AlzAuthors is a community of more than 200 extraordinary authors who have written about Alzheimer’s disease and other dementia. Today I am spotlighting those books written by the community’s supportive management team, of which I am a member. Please take time to visit the six books spotlighted below. I truly believe you will be glad you did. Let AlzAuthors light your way through Alzheimer’s and dementia.
Alzheimer’s Daughter – a memoir by Jean Lee. A poignant accounting of a family’s life after both parents were diagnosed with Alzheimer’s disease on the same day.
Blue Hydrangeas – an Alzheimer’s love story by Marianne Sciucco. A touching account of a couple’s journey into Alzheimer’s and of the love that never succumbed to the disease.
Somebody Stole My Iron: A Family Memoir of Dementia by Vicki Tapia. This engaging memoir offers useful information from experts within the field of Alzheimer’s research, personal lessons the author learned along the way, and ideas and tips for managing the day-to-day ups and downs of dementia.
Weeds in Nana’s Garden by Kathryn Harrison. A heartfelt story of love that helps explain Alzheimer’s disease and other dementias geared toward the children in our lives.
Motherhood: Lost and Found – a memoir by Ann Campanella. A memoir of the ordinary and extraordinary courage of those who endure debilitating and even crushing illness, and those who suffer with them when they do so.
Requiem for the Status Quo by Irene Frances Olson. A novel that explores the delicate balance of families upended by Alzheimer’s disease and how they manage their loved one’s needs with their own.
Boy do I have a book for you. The paperback of Requiem for the status quo is discounted until the end of February. For only $13.95, you can add this book to your To Be Read (TBR) list!
If the Ebook is more to your liking, it is currently just $4.99 or free to Amazon Unlimited subscribers. It will always be available, but the paperback will not be, at least until later this year.
September is World Alzheimer’s Month. READ THIS ARTICLE CAREFULLY TO DISCOVER HOW YOU CAN WIN A FREE COPY OF MY NOVEL, Requiem for the status quo.
Several of the AlzAuthors group of writers who have written fiction or non-fiction books on the subject of Alzheimer’s or other dementia are offering special, discounted offers to those who would like to get ahold of a select group of books being offered September 27 – 30, 2017.
I am a member of this group of writers and am offering a total of eight free copies of my novel, Requiem for the status quo: four (4) free Kindle eBooks and four (4) free paperback books (the latter available to residents of the United States only). All you need to do is Like/Follow my author Facebook page, then write a comment in the AlzAuthor post that appears on that page.
In order to get in the drawing for a free Kindle eBook or free paperback copy, you must indicate in the comment section which format you would prefer: Kindle eBook or paperback. Please don’t say you don’t care which format you receive; for accounting and distribution purposes I will only put your name in one of the drawings so be sure to specify your preference.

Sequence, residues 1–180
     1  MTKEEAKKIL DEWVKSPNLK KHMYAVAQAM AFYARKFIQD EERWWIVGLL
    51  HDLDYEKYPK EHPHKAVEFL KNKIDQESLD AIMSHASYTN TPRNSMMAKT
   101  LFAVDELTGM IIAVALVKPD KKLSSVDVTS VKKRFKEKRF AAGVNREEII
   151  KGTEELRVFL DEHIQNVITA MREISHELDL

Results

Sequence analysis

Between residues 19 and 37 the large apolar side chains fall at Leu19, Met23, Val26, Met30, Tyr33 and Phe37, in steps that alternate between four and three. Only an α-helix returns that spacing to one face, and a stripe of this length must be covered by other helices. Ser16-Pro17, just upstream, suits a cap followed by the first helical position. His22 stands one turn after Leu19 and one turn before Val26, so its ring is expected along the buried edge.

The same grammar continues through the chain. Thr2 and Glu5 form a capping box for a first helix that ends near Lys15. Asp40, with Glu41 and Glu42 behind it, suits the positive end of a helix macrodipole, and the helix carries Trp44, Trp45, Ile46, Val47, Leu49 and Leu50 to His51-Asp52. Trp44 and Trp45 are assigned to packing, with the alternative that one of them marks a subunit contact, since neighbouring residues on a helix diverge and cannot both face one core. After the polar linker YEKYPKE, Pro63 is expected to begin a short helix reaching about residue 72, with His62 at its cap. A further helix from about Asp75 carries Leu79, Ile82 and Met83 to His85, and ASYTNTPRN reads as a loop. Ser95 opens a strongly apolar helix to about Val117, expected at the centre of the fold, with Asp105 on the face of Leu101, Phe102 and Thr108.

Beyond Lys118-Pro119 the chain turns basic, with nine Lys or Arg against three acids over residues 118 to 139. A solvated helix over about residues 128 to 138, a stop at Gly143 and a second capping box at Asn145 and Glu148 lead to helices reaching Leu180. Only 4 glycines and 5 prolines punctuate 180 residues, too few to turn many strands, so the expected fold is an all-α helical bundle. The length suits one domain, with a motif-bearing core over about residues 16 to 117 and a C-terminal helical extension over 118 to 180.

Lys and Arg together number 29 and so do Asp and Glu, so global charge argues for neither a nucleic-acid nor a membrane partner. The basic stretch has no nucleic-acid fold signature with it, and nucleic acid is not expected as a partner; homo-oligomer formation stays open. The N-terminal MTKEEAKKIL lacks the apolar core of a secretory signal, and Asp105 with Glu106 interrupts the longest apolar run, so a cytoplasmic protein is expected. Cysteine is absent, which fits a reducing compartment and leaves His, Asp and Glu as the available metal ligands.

All those Liking my page and posting a comment indicating their format preference will have their names entered into a drawing that will take place at Noon, Pacific Standard Time, on Saturday, September 30th. I will Messenger the winners through FB to request either your e-mail address (for eBook sending) or postal delivery address (for paperback book shipment) so that I can send out your complimentary book copies the first week of October.
But I am not the only author offering great deals on books – all the books contained within the graphic on this post are discounted during the September 27 – 30th timeframe. Be sure to go to the AlzAuthors website, click on the Bookstore tab, locate the author and their book being offered at a discounted price, click on the photo of their book and you will be directed to the site where their discounted book can be purchased. Since I am personally offering free copies of my novel – as opposed to doing so through an Amazon.com promotion – you will not find Requiem for the status quo in the AlzAuthors bookstore during this promotion.
Here’s another article from the past that draws lots of attention. Bringing it into the present today.
First of all – take a deep breath and shed the mantle of guilt you’re wearing. Now let’s address your dilemma.
When your father was on his deathbed you made a promise to take care of your mother in her old age. Now she is at the point of not being able to care for herself and you realize that you’re absolutely not cut out for – nor are you capable of – taking her under your roof to provide the care that she needs. What’s a dutiful son or daughter to do?
I’m not advocating that you break your promise to your father but I am suggesting that you consider redefining what that promise looks like. You promised your father that you would take care of your mother and that’s exactly what you’re going to do. Taking care of your mother is not solely defined as moving her into your home and taking care of all her basic needs until she dies. Very few people have the ability or the means to provide 24-hour care in their home. You made that promise with the best intentions and you can still honor your promise without dishonoring your father. Keep in mind that loving your mother doesn’t guarantee your success as her caregiver. Even adult children with a fabulous relationship with their parent struggle greatly in their efforts. And if your relationship with your mother is tenuous at best, try picturing the scenario of you as caregiver and her as recipient of that care. What effect will that have on her, you, and the remainder of your household?